Treats or prevents bronchos... +
Treats or prevents bronchospasm in patients with asthma, emphysema, bronchitis, and other lung diseases. Also prevents wheezing caused by exercise (exercise-induced bronchospasm). This medicine is a bronchodilator. More info »
Warfarin is used to prevent... +
Warfarin is used to prevent blood clots from forming or growing larger in your blood and blood vessels. It is prescribed for people with certain types of irregular heartbeat, people with prosthetic (replacement or mechanical) heart valves, and people who have suffered a heart attack. Warfarin is also used to treat or prevent venous thrombosis (swelling and blood clot in a vein) and pulmonary embolism (a blood clot in the lung). Warfarin is in a class of medications called anticoagulants ('blood thinners'). It works by decreasing the clotting ability of the blood. More info »
Helps prevent and control a... +
Helps prevent and control asthma attacks, including attacks caused by exercise. Also treats seasonal (short-term) and perennial (long-term) allergies. More info »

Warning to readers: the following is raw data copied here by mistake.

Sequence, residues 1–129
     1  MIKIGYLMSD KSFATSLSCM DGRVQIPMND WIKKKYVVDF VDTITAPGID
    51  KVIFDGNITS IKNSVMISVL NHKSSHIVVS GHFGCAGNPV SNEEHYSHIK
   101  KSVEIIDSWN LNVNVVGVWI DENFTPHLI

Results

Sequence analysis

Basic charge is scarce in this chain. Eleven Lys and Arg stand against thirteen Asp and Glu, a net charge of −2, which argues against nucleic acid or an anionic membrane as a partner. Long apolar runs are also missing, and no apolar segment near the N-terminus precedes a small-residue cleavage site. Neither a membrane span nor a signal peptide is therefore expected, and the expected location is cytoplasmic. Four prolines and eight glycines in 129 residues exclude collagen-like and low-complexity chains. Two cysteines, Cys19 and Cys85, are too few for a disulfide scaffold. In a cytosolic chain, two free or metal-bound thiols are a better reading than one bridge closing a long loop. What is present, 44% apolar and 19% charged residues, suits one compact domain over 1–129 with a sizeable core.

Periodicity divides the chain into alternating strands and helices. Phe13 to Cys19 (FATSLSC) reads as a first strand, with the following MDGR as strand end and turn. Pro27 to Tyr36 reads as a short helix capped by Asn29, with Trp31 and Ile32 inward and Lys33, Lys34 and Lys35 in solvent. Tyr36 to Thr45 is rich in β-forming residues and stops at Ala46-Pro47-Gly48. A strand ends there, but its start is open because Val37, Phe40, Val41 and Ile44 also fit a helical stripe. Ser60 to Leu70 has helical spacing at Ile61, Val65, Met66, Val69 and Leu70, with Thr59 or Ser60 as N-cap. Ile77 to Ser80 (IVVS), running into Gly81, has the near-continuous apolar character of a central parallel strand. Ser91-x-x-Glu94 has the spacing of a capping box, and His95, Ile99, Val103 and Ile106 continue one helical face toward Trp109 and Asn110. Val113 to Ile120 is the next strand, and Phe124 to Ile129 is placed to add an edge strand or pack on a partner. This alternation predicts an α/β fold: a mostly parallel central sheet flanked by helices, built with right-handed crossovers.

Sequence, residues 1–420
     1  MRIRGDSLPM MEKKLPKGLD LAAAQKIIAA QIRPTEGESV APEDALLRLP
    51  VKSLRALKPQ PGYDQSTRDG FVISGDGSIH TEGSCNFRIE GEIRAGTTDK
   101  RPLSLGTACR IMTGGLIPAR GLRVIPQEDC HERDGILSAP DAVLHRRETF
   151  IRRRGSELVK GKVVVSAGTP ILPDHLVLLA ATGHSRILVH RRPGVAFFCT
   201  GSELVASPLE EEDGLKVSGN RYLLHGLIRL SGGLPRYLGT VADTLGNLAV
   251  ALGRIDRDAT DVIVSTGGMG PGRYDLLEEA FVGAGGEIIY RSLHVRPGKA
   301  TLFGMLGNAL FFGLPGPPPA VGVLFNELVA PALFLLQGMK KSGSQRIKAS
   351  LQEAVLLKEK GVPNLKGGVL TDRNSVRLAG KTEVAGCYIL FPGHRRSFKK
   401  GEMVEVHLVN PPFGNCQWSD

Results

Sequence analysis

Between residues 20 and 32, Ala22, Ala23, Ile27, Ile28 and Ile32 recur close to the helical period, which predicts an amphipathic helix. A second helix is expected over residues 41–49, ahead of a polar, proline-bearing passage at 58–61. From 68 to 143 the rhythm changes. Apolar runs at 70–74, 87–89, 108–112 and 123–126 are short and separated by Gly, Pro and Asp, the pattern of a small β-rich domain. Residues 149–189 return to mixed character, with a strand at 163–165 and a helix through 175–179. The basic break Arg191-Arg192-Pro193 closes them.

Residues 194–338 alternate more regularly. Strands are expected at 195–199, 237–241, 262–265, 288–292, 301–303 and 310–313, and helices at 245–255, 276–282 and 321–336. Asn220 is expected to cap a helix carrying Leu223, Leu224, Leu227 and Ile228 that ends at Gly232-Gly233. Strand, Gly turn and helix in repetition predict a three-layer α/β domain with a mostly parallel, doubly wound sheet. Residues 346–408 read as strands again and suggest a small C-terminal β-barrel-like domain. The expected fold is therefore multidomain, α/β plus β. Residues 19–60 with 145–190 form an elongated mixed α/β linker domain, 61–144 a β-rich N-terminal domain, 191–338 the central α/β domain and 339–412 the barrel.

Treats symptoms of mental a... +
Treats symptoms of mental and emotional disorders. Helps patients with Tourette's syndrome and children with severe behavior problems, including hyperactivity. More info »
Paroxetine tablets, suspens... +
Paroxetine tablets, suspension (liquid), and extended-release (long-acting) tablets are used to treat depression, panic disorder (sudden, unexpected attacks of extreme fear and worry about these attacks), and social anxiety disorder (extreme fear of interacting with others or performing in front of others that interferes with normal life). Paroxetine tablets and suspension are also used to treat obsessive-compulsive disorder (bothersome thoughts that won't go away and the need to perform certain actions over and over), generalized anxiety disorder (GAD; excessive worrying that is difficult to control), and posttraumatic stress disorder (disturbing psychological symptoms that develop after a frightening experience). Paroxetine extended-release tablets are also used to treat premenstrual dysphoric disorder (PMDD, physical and psychological symptoms that occur before the onset of the menstrual period each month). Paroxetine is in a class of medications called selective serotonin-reuptake inhibitors (SSRIs). It works by increasing the amount of serotonin, a natural substance in the brain that helps maintain mental balance. More info »